We all love a big beautiful tree. Above ground, mature trees provide shade and a beautiful canopy. But you probably don’t think too much about what happens underground. The health of your tree’s root system is vital to keeping the rest of it healthy and thriving. Let’s delve a little deeper underground and understand our tree’s roots and why they are so important.

The Basics
While the actual roots of the tree can account for a smaller part of the tree, they are still an essential part. They provide anchorage and nutrients while the tree is young and can also store these nutrients over harsher months, so the leaves can return after the leaves and branches wilt in the winter months. Healthy roots are essential to trees restoring to their full vigor in spring and summer. And roots can help a tree sustain a dry season, too. Branches and roots have a symbiotic relationship, and they need each other to survive. While a tree may survive losing some limbs here and there but the same is not true for the roots. A young tree may not have many branches, but it does have a robust root system that needs to be cared for if it is to mature.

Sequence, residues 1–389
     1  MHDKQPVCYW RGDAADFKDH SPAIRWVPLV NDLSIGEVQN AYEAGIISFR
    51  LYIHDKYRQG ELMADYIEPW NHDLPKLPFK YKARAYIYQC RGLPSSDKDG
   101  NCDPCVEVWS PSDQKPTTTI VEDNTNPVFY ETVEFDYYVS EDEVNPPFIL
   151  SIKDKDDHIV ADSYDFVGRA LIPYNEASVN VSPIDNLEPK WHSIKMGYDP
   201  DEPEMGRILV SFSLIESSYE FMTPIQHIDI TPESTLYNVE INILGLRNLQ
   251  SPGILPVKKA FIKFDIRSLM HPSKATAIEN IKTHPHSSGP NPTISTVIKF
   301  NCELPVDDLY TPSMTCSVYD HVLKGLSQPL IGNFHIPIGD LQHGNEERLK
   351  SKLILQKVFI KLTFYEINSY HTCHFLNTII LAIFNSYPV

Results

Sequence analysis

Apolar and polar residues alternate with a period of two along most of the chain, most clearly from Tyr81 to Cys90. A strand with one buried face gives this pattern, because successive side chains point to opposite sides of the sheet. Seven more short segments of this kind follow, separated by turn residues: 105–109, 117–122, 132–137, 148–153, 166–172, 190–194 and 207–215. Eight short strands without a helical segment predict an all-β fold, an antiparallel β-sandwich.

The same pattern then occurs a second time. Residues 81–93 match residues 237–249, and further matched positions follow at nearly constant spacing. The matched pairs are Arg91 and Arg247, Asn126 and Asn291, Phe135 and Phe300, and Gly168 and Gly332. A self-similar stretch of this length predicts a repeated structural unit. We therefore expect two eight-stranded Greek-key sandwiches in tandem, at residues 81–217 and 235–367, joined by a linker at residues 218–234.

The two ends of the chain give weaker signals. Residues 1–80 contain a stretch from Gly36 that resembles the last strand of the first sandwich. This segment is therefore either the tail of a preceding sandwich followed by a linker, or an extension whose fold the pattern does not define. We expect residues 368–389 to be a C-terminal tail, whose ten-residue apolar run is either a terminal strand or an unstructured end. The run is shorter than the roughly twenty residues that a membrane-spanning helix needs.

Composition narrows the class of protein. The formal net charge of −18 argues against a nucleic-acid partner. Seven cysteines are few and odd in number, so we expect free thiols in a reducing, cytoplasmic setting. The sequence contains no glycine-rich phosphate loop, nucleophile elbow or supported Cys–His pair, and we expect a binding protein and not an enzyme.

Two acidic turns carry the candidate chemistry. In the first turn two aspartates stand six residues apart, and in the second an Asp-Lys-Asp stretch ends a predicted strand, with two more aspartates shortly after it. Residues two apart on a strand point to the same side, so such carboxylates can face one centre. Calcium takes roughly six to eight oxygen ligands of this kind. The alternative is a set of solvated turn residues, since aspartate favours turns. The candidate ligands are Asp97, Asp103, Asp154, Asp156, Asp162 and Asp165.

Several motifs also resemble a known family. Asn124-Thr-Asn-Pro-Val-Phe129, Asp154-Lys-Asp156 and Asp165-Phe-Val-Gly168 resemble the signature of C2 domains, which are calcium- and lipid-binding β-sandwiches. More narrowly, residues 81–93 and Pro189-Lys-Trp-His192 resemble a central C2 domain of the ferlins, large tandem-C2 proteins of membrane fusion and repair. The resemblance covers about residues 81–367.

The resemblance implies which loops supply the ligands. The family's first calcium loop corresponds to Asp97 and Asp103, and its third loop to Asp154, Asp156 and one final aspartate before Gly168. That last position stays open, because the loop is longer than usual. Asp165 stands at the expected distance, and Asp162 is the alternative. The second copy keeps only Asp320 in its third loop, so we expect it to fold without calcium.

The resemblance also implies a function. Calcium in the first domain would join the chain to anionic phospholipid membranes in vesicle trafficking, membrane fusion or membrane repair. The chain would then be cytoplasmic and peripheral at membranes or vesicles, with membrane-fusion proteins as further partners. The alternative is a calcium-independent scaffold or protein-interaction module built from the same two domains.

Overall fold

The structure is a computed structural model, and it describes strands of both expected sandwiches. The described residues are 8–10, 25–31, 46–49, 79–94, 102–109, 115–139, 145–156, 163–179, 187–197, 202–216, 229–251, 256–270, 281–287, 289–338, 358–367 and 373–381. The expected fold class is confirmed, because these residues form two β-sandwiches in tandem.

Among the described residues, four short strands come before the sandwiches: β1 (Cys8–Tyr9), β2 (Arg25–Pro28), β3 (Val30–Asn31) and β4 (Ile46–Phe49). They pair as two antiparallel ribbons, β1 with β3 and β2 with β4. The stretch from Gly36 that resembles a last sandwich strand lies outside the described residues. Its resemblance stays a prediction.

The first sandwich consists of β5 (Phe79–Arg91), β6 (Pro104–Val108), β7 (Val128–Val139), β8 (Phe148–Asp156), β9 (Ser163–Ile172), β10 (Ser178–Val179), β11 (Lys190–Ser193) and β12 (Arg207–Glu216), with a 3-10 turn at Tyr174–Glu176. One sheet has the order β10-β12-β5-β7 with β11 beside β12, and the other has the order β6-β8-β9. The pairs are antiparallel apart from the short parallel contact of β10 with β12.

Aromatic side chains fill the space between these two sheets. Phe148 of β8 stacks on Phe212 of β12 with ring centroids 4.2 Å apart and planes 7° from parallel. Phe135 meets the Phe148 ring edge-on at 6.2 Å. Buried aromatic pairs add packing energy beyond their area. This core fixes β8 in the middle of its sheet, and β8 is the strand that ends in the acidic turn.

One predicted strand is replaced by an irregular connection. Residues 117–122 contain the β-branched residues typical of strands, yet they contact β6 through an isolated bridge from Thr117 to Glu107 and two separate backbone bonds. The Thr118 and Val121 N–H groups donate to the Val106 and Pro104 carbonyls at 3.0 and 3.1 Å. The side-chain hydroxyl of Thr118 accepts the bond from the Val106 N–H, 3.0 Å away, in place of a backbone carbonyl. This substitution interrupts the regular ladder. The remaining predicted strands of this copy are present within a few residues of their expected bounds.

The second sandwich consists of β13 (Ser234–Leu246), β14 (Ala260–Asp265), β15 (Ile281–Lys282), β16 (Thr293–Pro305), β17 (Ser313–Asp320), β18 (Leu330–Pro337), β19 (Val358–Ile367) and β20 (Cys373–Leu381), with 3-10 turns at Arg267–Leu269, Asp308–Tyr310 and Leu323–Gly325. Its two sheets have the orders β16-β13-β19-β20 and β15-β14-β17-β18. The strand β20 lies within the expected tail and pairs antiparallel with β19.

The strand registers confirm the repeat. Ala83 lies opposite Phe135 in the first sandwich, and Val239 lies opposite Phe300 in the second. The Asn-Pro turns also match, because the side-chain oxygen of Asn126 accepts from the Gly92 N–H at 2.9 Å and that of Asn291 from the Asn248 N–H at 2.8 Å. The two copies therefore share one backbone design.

The Best Environment for your Roots
Creating and maintaining the perfect environment for your newly planted tree isn’t hard, but it might surprise you. Most root systems are not that deep. For example, some of the most famous trees – the redwoods at Muir Woods, have root systems that are 6 feet deep, holding up trees that can be over 300 feet tall. Roots don’t need to have as much depth, although they may need sprawl. Some experts even recommend leaving the top of the root ball above the current soil level to guard against tree or root rot.

Your trees will also the correct balance of oxygen and water. Too much water and the roots will drown. Too little water, and they will fail to thrive. The same is true for oxygen. Your tree is a living thing, and the roots need to ‘breathe.’ Photosynthesis only occurs in the green part of plants and trees. Your roots need oxygen from other sources – small pockets in the soil create a chance for your roots to get much-needed oxygen.

What about the Soil?
We have established that the soil surrounding your tree shouldn’t be too compact around the roots, nor should it be too wet. But what is the best, most nutrient-rich soil for your tree? The right soil will depend on the type of tree and your climate, so do your homework before planting. Most experts would agree that adding fertilizer at the time of planting is a no-no. Let the tree settle in with a good layer of mulch over the base and keep an eye on it. You may need to backfill in the coming days/weeks. Look for fertile, loamy soil to add if you see you have significant holes to fill around the root ball.

Taking care of your newly planted tree can be easy if you have the right resources. Speak to your local nursery or garden center for the best advice for your tree and your climate. A watering system like Root Haven may also serve you well in more arid climates.